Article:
If anything this humourous and cutting account of the fate of a group of workmen employed on doing up a house for a local businessmen has become more relevant over the years. The book can be ordered here .
In that spirit we publish here a letter from Mark Rose, a member of Worcester CLP:
An Absurd System.
In recent times I have found it hard to get myself politically motivated; I have made excuses to comrades and put off doing anything practical in the face of a vicious, ideologically driven coalition who are setting about the task of dismantling the public sector under the guise of ‘deficit reduction’.
What has re-inspired me and made me determined to become more involved in the developing struggle was a chance purchase of a dusty copy of The Ragged Trousered Philanthropists, by Robert Tressell - a book that had been recommended to me by many comrades and on numerous occasions - from a local charity shop. The book not only depicts the harsh realities of the life of the working class, but provides an explanation, through the conversations of the men at work, of how those conditions can be changed – a tactic I have tried myself at work, but lacking the erudition and eloquence of the characters of both Owen and Barrington, I have had limited (probably zero) success with!
One passage particularly resonated with me and encapsulates the current situation for myself as a recent graduate and I am sure millions of others – young and old – that face a future of unemployment in the short term and bleak uncertainty in the long term. It is also a brilliant and scathing attack on the absurdity of the capitalist system and those that administer it: The management of the affairs of the world is at present in the hands of practical, level-headed, sensible businessmen...the result of their management is, that the majority of the people find it a hard struggle to live...On every side there is superfluity of the materials requisite for the production of all the necessaries of life...an army of people lacking the things that may be made by work, stand idle. Willing to work; clamouring to be allowed to work, and the practical, level headed, sensible businessmen do not know what to do [with them].
As a graduate in the construction industry I am very ‘fortunate’ to have a job, albeit not in the discipline in which I am qualified. Unemployment amongst construction profession graduates – surveying, architecture and engineering – is currently higher than the national average of graduate unemployment in general, which itself is at a 17 year high. (Figures suggest that nearly 12% of graduates of construction related courses are still unemployed by the following January.) Add this to the dearth of trades-based apprenticeships offered in construction industry (40,000 per year are needed for the industry to merely stand still with only 20,000 per annum created BEFORE the recession) and you have the redundant and ’idle’ labour force described by Tressell.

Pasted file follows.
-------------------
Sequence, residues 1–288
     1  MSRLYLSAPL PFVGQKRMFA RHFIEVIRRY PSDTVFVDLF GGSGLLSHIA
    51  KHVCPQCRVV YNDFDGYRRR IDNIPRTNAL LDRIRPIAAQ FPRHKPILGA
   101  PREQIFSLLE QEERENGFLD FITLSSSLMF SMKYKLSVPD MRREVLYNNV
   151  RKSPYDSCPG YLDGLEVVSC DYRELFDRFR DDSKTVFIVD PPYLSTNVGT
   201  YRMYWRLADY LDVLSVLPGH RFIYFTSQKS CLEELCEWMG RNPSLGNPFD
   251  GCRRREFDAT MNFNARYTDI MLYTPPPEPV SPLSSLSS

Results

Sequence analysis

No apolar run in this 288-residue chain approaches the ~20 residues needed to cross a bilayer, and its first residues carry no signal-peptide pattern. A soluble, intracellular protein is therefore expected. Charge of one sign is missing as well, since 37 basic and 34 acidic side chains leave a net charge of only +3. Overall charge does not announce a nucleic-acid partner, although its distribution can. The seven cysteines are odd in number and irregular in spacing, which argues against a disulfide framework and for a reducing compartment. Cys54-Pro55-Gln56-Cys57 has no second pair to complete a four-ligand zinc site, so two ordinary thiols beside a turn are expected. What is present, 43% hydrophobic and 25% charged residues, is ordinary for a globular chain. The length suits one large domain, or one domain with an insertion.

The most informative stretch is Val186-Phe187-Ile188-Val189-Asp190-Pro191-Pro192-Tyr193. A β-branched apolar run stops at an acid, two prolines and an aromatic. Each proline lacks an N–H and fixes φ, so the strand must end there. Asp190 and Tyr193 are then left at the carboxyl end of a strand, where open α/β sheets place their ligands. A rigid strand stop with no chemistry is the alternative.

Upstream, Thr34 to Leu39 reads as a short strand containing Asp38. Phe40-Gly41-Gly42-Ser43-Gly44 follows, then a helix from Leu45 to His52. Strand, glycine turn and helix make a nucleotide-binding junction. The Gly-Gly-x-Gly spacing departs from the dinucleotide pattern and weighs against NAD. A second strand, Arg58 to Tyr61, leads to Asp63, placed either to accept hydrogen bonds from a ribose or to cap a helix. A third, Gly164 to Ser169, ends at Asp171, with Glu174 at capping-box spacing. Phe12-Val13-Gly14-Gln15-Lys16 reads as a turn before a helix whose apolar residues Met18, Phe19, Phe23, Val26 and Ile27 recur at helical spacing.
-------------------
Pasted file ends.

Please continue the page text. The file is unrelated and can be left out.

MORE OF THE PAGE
Now, the market logic would say that the lack of job opportunities would suggest a lack of demand. However, nothing could be further from the truth when you consider the needs of society: currently there are 1.2 million households - some 4.5 million people - on the council house waiting list. When you combine this with the millions of others who are exposed to the vagaries of the private rented sector and those ‘lucky’ few that have a mortgage - now finding themselves squeezed to the limit and facing repossession - you have, as far as I see it, a crisis of supply. Now those ‘level headed, sensible´ people in charge would say that we can’t afford to spend public money in the face of a massive deficit (the one they created themselves) on building houses. They want us to over extend on mortgages and pay exorbitant rent because it lines their pockets; they also make it easier for those who take advantage of the working poor by scrapping fair rent tribunals and by scrapping plans to raise the quality of publically funded houses (the few that are actually built); they even have the temerity to say that the reason that there are waiting lists in the first place is that council houses are full of immigrants and single mums that keep decent ordinary working people (they mean you and me) on the list. Of course they don’t say that there are 2 million less social homes than there was 30 years ago, leading to the few homes that are remaining being occupied by the most vulnerable in society. The deficit argument against the public funding of council homes is, as far as my limited understanding of economic matters dictates, fallacious: More people in work means more tax intake and less in benefits.
Those people in employment then spend their money on the things they need as well as all that consumer tat that, seemingly, makes the world go round these days. Then you have all the people who now have a decent and GENUINELY affordable home whom, having more disposable income, further help to stimulate the economy. Now, this may be putting it in a very simplistic manner but it seems to make sense to me – building homes is building jobs.
So this year I am determined not to be one those ragged trousered philanthropists that Tressell laments and will doing my own little bit by joining those who take to the streets to affect a change to the pernicious system that that seeks to shackle and steal from those who are indifferent and, at worse, defend it.
Mark Rose, Worcester CLP